"I don't like making outs," he says, his pride flaring. "I know I'm still capable. I haven't lost my confidence. In fact, last year made me more optimistic because I found out my problem was physical. It was my hand (atrophied muscles) and not age. At the end of '81, I didn't know what was wrong. It's like I'd turn the switch and the power didn't come on.

"Maybe I've put more pressure on myself . . . but I thought I did a pretty good job last year, considering (his injury). I hit .342 (in '82) with men in scoring position which was the highest on the club. I drove in runs when I had the chance."

Ken Singleton sees all the signs, hears all the whispers. No one needs to remind him that he hit .177 right-handed last season and that he hasn't hit a homer from that side since August '81. He's batting sixth now, not third. He's in his second year as a DH--a role that he's not sure suits him after 15 pro years as an outfielder; habits die hard.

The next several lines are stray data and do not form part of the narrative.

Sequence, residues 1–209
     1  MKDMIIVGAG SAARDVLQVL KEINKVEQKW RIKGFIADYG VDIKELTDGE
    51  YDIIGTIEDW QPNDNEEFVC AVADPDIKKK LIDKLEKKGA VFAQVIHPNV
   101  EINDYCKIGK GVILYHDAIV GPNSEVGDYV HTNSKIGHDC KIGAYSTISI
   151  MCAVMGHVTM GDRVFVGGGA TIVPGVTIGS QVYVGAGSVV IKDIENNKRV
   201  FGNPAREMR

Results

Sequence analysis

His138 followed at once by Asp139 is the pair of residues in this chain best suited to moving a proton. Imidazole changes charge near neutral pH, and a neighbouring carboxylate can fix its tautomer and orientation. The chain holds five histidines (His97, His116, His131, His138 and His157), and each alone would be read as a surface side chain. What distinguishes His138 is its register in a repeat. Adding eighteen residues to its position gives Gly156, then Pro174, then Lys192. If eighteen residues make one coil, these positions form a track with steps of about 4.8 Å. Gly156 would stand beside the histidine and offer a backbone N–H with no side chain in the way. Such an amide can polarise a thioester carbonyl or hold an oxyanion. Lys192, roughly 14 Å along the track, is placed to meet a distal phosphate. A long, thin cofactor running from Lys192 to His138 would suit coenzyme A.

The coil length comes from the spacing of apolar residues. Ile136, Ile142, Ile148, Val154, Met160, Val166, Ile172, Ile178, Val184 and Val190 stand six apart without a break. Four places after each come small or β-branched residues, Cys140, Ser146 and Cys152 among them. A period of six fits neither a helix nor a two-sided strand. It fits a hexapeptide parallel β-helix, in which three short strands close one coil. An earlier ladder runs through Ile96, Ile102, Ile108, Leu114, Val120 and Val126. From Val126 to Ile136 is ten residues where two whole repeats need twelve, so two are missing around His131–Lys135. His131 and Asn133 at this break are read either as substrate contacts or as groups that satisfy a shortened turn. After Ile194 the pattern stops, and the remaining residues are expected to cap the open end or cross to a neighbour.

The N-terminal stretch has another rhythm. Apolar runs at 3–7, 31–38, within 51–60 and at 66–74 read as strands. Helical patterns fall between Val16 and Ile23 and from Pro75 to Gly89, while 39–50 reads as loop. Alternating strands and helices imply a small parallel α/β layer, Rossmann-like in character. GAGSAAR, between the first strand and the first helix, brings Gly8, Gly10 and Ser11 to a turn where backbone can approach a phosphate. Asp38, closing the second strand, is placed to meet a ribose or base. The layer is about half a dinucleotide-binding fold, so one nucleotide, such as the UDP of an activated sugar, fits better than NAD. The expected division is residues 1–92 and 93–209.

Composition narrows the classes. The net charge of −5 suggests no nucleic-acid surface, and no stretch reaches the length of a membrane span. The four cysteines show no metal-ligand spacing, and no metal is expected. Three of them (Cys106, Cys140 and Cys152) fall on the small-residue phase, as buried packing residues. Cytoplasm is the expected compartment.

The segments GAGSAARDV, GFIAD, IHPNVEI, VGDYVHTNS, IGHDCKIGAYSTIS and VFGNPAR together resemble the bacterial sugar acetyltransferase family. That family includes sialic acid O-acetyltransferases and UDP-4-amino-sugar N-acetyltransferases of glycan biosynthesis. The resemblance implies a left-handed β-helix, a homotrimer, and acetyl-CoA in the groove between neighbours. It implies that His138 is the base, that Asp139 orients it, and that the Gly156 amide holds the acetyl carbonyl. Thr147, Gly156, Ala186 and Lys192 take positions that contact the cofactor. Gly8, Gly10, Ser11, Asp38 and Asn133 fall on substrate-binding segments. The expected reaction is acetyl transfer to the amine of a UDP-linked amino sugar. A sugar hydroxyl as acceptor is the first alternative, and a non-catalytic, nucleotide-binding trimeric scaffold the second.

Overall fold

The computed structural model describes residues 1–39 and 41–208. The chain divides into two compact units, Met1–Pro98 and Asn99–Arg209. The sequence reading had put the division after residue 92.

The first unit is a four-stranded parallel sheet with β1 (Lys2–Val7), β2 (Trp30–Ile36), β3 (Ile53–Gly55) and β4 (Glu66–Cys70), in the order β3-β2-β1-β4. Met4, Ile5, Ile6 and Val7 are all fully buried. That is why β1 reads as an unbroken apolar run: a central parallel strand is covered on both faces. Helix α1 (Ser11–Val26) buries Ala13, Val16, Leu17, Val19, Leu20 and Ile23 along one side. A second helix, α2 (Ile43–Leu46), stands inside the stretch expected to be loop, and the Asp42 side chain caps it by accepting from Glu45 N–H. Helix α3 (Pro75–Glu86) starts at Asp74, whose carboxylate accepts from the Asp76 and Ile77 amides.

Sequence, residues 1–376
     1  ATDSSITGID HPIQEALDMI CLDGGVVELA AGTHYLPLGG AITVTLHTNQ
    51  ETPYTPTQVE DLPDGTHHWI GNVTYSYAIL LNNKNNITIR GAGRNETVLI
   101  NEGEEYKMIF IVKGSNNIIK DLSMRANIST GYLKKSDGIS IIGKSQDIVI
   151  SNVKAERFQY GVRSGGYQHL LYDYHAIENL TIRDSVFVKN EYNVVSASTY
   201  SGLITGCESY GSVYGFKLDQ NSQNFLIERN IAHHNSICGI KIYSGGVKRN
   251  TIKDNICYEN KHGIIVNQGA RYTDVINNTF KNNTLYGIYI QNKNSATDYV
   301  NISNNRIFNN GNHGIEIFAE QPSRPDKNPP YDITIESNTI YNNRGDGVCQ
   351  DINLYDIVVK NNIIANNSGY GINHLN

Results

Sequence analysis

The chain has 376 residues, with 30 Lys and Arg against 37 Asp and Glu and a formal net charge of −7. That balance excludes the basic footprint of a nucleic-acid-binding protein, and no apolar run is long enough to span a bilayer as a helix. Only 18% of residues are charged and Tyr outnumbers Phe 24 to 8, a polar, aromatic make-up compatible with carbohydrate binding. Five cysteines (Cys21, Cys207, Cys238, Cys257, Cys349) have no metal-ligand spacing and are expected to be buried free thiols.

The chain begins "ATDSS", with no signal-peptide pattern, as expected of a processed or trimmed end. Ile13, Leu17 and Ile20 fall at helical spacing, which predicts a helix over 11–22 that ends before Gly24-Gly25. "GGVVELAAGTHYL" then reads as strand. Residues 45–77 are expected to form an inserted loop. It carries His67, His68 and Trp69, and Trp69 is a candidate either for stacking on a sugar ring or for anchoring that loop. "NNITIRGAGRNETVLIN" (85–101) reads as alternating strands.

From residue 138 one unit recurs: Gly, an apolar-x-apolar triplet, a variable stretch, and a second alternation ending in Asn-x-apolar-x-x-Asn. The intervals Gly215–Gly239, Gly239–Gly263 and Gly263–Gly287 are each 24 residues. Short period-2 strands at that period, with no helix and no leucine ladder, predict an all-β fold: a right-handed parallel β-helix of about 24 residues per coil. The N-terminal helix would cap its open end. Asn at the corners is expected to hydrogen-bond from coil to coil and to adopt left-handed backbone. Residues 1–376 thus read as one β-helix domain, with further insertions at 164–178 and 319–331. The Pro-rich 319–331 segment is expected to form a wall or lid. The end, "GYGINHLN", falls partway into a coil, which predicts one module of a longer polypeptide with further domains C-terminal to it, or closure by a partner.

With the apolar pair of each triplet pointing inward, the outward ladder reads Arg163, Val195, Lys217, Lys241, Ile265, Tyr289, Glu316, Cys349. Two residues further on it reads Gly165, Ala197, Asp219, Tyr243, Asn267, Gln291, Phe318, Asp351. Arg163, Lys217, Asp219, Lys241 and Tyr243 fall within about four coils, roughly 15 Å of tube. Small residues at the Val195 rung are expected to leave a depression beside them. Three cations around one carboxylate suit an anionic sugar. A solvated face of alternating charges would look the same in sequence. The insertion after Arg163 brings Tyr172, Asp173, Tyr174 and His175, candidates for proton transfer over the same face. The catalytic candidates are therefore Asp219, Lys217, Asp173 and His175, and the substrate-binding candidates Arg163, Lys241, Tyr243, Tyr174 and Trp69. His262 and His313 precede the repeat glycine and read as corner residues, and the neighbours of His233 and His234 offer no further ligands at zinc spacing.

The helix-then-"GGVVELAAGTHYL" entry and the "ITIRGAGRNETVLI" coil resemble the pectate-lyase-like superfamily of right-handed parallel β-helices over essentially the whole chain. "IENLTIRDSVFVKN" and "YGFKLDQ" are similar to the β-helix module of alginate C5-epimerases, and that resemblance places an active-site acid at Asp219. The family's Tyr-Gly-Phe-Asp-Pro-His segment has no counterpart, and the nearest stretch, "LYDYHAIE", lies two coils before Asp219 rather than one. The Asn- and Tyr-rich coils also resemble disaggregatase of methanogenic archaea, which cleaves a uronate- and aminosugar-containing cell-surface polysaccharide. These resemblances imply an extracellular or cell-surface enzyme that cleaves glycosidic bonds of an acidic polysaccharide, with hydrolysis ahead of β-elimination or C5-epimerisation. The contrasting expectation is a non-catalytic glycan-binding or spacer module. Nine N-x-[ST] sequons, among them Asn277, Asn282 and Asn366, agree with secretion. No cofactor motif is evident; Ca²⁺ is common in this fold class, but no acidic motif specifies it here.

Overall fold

Nobody has to remind Singleton that these are all clear signs of a veteran player who is being moved from the center of a team's plans to its fringes so that, if worse comes to worse, and he must be benched, the shock to the club will be minimized.

"I feel people pulling for me," he says.

Should his fans worry about him, start rubbing the lucky rabbit's feet for one of the nicest people in baseball to pull it all back together on the far side of 35 for a couple of more distinguished years--the way Carl Yastrzemski and Tony Perez and Willie Stargell and others have done?

No, Singleton insists, it's not time for good luck charms and novenas and the sentiment that hangs around beloved players when they're over the hill.

Where others see hard times coming, Singleton still sees glory. This student of the game and of himself knows the end will come, but he's almost sure it hasn't arrived. Not yet.

When he has doubts, Singleton only has to flex his right arm to be cheerful once more. "I can feel the difference. And it's a big difference. I just want to get hot one time," he says, laughing and looking at his new arm, "and see what it can do.

"The things that have happened delay it. But they don't undo it."